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A guide to credit for young adults

For a young adult who is just starting out on their independent financial journey, the world of credit can be complicated. The easier option is to ignore the topic altogether, but understanding the ways you can impact your credit score (both positively and negatively) will help you to feel in control of this vital aspect of money management.

Unfortunately, there’s no quick fix when it comes to establishing a healthy credit score. That’s why it’s so important to start thinking about your financial health early on, so you can develop good habits which help build a favourable score.

We’ve put together this guide with all you need to know about credit, so you can start to organise your finances as a young adult.

What is a credit score? 

A credit score calculates your credit risk and indicates how reliable you’ve been when borrowing money. Usually a three-digit figure, it represents your ‘creditworthiness’ (how responsible you are when repaying debts) and can be a determining factor in whether an application for credit gets approved or denied. If you’ve demonstrated responsible credit behaviour in the past, this will be reflected with a higher score.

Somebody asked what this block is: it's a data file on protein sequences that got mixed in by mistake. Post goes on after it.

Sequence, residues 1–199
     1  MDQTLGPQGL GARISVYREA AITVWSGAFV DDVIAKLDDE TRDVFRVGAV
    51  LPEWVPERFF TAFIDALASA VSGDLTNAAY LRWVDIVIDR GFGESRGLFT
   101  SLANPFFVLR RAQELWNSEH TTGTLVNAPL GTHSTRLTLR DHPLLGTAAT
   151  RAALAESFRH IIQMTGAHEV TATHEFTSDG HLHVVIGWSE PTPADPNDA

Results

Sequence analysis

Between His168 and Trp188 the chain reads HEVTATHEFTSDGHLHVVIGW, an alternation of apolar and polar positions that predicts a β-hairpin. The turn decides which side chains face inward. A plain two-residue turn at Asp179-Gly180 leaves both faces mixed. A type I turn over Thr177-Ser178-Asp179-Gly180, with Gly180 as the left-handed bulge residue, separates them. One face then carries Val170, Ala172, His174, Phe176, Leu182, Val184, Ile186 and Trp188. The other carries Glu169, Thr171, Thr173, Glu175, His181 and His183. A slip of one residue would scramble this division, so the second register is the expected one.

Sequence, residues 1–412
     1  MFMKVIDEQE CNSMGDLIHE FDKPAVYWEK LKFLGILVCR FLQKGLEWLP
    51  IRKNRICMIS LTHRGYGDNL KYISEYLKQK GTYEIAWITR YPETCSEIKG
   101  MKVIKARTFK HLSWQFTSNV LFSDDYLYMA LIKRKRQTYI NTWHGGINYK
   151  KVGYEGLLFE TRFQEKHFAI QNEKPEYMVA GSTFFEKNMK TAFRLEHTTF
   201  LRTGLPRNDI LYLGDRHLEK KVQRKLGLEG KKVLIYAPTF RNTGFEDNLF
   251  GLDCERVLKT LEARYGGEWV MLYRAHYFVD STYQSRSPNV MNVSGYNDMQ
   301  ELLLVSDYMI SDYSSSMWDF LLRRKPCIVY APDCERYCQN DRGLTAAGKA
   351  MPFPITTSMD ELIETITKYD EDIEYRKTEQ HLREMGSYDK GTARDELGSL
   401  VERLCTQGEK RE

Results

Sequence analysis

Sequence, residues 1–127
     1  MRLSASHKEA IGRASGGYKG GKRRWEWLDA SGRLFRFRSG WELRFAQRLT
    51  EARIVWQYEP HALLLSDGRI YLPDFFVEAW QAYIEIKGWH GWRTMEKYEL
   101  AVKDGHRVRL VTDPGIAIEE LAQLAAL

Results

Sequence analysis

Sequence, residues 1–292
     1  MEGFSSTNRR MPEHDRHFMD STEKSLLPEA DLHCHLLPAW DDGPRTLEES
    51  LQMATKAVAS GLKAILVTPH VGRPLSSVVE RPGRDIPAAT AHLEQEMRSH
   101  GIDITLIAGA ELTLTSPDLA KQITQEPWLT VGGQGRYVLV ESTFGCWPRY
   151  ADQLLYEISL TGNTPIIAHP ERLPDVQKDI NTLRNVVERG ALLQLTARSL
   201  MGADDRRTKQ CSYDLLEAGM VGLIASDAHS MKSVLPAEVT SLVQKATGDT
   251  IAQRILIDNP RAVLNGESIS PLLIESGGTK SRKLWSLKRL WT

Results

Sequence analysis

Each credit reference agency (CRA) uses different ranges and barometers to determine what’s considered a good score. It’s important to note that prospective lenders will have their own criteria for how they judge a credit score, so a rating that isn’t good enough for one lender could be approved by another. 

Credit scores are calculated by the three main CRAs: Equifax, Experian and Transunion. There are a range of factors that are taken into account by these institutions to determine your credit score. Some of the most important categories include: 

  • Payment history. This is generally considered to be the most influential area since it analyses your history of repaying debts, and whether or not these payments were made on time.
  • Amounts owed. This category primarily looks at your credit utilisation ratio. This number is determined by comparing your current balance with the limits set on your credit cards. If you’re using less than 30% of your available credit, this is generally considered to be a healthy utilisation ratio and will reflect favourably on your credit score.
  • Credit history. Your score is also likely to be affected by the length of time you’ve been building your credit. The longer you’ve had access to credit and have demonstrated good financial discipline, the higher your score will be (with all else being equal).

The importance of building credit early